We've spent enough hours in front of the telly to know what makes good watching. Naturally, we reckon we could have a pretty decent stab at producing our own shows, so we've compiled a list of guaranteed hits.
They're all remakes designed to breathe some fresh air into some bona fide classics.
Send all cheques to Stuff HQ and we'll start calling Hollywood now.
Breaking Bad in Flemish
Why is it always foreign shows that get remade in English? Why not vice versa? Breaking Bad in Flemish tells the story of Wilhelm White, a teacher from the Belgian city of Genk, who turns locally grown poppies into heroin, which he sells to support his family after he’s diagnosed with a terminal illness.
Five Children and IT
A loosely educational show about a group of school children who discover a mysterious creature in a local park that assesses their levels of computer literacy and then teaches them how to code. Their newfound skills lead to highly lucrative jobs at Facebook. Zuckerberg promptly buys the land housing IT and fills it with adverts.
Stuff’s very own Laurence Llewllyn Bowen lookalike, Tom Parsons, spends the weekend in a stranger’s house sorting out the patchy Wi-Fi in the back bedroom, installing a decent surround sound system and ripping all their DVDs to a 5TB NAS drive (for their own personal use you understand), while subjecting them to his awful taste in music.
Gentle, time travel comedy about a social media evangelist (played by Paul Danan) who lives a double life, travelling through a wormhole in the airing cupboard of his Dalston flat to the first Gulf War. There he falls in love with an Iraqi market stall owner who fails to understand the importance of engaging with brands and refuses to ‘like’ any of his Instagram posts.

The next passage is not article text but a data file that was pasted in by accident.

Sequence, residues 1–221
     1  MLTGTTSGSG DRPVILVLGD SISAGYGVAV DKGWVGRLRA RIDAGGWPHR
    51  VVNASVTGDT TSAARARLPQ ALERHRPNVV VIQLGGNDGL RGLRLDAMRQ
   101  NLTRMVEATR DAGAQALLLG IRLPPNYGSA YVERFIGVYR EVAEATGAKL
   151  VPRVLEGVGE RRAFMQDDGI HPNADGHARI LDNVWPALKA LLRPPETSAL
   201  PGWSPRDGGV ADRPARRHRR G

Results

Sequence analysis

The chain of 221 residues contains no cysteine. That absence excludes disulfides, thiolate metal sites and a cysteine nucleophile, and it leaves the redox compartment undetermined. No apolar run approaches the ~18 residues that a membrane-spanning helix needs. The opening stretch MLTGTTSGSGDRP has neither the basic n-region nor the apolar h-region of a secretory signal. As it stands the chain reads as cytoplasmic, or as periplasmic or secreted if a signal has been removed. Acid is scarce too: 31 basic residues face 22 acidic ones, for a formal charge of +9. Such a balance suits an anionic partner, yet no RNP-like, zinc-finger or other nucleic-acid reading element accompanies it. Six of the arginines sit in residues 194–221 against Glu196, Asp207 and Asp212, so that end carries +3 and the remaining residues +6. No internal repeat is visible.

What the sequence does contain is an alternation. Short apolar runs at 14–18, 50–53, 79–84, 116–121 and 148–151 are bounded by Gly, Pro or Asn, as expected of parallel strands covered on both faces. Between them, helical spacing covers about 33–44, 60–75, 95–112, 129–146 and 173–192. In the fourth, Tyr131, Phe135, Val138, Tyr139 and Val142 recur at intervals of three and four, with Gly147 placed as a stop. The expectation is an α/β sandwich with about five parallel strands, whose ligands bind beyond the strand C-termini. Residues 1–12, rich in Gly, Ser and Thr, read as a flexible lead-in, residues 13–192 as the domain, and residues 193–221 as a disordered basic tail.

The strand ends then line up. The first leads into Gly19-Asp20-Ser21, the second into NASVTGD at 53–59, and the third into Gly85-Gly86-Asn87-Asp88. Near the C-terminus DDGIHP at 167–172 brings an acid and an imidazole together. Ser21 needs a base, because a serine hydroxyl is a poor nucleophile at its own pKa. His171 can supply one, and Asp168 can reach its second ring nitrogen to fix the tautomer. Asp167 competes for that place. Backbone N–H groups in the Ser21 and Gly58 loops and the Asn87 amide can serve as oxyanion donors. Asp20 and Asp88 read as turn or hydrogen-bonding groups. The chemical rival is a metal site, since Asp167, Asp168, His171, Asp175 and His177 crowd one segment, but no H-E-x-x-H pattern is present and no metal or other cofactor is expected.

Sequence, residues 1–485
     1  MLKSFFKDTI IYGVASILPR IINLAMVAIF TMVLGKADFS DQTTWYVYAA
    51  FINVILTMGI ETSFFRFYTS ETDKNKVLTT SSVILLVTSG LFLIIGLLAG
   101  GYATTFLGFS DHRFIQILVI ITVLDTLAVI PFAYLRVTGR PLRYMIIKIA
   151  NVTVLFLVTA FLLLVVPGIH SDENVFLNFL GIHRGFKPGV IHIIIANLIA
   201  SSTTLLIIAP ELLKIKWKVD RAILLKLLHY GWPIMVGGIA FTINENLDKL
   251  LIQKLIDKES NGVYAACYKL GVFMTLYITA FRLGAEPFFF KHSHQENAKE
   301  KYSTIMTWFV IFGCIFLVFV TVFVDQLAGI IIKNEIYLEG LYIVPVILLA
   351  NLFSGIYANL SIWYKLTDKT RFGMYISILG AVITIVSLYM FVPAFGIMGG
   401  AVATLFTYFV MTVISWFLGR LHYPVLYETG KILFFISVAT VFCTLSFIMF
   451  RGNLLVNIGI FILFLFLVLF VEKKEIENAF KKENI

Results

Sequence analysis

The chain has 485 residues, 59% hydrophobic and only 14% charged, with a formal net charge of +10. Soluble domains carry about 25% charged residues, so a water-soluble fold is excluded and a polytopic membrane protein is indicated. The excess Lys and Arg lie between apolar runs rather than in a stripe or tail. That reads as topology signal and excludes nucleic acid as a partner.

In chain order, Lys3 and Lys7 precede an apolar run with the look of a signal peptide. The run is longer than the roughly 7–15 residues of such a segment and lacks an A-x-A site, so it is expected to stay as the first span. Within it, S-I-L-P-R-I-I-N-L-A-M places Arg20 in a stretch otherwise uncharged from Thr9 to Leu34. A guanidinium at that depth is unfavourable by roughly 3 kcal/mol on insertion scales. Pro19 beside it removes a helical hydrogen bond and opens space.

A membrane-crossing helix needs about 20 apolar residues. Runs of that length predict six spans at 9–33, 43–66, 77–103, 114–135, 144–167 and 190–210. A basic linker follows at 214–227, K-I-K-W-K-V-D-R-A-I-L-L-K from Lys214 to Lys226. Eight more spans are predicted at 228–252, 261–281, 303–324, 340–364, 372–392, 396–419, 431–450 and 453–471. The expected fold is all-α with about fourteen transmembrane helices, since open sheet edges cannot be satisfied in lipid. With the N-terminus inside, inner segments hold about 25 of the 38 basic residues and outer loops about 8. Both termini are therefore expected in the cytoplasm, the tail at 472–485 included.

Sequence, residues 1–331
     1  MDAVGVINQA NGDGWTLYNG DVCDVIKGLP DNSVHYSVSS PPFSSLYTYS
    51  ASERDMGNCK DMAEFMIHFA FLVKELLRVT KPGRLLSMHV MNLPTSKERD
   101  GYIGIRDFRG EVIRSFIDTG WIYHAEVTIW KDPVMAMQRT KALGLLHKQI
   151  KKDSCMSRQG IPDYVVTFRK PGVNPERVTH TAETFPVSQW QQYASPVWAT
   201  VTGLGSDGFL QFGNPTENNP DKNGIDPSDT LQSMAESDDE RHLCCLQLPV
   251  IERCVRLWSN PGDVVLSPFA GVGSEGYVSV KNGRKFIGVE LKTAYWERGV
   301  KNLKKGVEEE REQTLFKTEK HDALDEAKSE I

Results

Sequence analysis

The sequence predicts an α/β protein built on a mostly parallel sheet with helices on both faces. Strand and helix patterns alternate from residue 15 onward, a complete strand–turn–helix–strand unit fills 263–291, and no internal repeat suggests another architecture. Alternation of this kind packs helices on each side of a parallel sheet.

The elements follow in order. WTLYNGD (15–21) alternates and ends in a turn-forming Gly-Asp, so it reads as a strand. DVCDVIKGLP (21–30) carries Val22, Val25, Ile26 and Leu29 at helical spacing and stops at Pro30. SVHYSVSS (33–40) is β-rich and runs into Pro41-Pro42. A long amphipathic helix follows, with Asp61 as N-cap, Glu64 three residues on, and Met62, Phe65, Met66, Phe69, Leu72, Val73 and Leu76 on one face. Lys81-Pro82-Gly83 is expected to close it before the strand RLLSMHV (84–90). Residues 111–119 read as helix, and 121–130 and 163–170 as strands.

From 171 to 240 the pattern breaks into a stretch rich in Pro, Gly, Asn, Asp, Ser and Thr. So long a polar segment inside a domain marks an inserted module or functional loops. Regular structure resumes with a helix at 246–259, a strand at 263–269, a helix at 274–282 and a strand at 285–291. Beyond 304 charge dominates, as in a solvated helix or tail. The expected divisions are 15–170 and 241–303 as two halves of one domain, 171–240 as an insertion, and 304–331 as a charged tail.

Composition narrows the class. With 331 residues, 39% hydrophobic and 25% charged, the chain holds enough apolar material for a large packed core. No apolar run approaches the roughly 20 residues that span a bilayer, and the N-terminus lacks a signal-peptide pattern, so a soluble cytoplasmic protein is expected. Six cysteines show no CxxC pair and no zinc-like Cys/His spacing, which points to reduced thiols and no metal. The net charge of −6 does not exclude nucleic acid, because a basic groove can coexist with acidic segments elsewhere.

Halo’s near-mute hero swaps his plasma rifle for a miniature blowtorch and shows viewers how to cook various delicacies from the Halo universe, including slow-roasted Grunt with a pea foam. At the end of each episode he tries to feed his culinary creation to Guilty Spark but always fails because Guilty Spark is a computer that doesn’t have a mouth.
Image credit: Dekanuva, deviantART
More after the break...
Live-action remake of the ‘90s cartoon about a superstar football team made up of slightly offensive national stereotypes. Similar to WWF wrestling each game will be scripted, with real-life professional footballers filling each on-pitch role. Well, they’re so accomplished at pretending to be hurt during real games, why not put those skills to good use?
The APPrentice with Steve Ballmer
5-minute 'interactive webisode' in which Microsoft’s bellowing ex-boss, Steve Ballmer, pitches you a selection of the best apps from the Windows Phone store in his own unique way. At the end viewers can use an on-screen voting system to pick their favourite, with the rest consigned to the internal memory of a Nokia Lumia 800 and buried in the Finnish tundra. Part one of one.
Lovejoy: Reserve Not Met
Antiques dealer and professional Ebay user Jack Lovejoy (played by Danny Dyer) tracks down rogue sellers while making last-second bids on vintage furniture. Rather than making all episodes available to watch at once, Netflix-style, the viewer will have to pay over the odds for them to be delivered individually, or hire a van and collect them from the studio.
Desmond’s (pilot only)
Using state-of-the-art CGI techniques Lenny Henry plays all characters (including animals) in this remake of the ‘90s sitcom, with the original’s barbershop setting changed for a budget hotel, owned and run by Mr Desmond. In this pilot episode he hires a pig to run the hotel bar but its lack of opposable thumbs proves to be an obstacle and chaos ensues.
The Killing for Kids
Animated remake of the Scandinavian murder mystery with all characters replaced with talking sheep. Morten Sheep has lost his favourite wooly jumper and, fearing it dead, enlists the help of Jan Sheep, Ann Sheep and Lars Sheep to track it down. So slow-paced it’ll send even the most hyperactive child to sleep, it’s perfect bedtime TV for little Tarquin and Ocado.
For more on Netflix and the future of TV, pick up the May issue of Stuff magazine. On sale now.